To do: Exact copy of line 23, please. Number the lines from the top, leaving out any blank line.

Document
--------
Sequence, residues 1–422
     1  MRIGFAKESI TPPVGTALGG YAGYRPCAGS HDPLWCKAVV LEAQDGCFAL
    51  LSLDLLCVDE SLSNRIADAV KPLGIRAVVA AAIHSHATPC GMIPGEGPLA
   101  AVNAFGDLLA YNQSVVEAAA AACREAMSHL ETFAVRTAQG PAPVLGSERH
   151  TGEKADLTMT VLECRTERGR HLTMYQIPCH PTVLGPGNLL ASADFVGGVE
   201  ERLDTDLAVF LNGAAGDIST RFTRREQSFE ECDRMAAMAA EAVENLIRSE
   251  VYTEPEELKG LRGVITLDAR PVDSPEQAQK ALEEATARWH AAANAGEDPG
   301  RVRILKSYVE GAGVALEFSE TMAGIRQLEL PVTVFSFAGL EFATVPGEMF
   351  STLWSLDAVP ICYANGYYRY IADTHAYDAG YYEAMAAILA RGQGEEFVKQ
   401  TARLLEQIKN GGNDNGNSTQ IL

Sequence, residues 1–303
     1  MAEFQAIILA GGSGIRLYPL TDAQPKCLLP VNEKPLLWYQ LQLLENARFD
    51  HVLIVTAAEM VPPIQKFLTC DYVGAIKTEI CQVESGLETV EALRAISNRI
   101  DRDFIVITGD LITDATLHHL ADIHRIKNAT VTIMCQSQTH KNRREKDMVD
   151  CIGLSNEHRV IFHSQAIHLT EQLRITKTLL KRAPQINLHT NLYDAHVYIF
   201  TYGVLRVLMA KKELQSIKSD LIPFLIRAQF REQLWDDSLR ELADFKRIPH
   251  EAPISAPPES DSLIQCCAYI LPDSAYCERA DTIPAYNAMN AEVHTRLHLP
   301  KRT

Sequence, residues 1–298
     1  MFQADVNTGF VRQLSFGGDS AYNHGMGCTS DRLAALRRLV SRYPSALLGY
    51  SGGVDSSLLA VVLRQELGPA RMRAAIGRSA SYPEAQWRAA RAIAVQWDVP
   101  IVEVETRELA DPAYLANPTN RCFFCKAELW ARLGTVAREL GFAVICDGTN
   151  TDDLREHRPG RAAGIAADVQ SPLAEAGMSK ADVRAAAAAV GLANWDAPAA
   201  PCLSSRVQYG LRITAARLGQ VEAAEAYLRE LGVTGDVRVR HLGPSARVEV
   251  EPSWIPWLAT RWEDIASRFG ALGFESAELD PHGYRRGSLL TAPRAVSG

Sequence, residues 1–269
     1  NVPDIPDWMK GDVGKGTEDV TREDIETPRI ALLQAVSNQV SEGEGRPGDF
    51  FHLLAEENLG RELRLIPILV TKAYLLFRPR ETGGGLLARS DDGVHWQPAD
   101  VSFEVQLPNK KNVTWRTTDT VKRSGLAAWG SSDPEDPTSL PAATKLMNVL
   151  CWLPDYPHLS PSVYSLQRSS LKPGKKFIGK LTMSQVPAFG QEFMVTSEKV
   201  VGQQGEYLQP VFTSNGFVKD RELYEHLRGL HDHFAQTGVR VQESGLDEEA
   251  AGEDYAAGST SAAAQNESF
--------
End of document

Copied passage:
   151  TDDLREHRPG RAAGIAADVQ SPLAEAGMSK ADVRAAAAAV GLANWDAPAA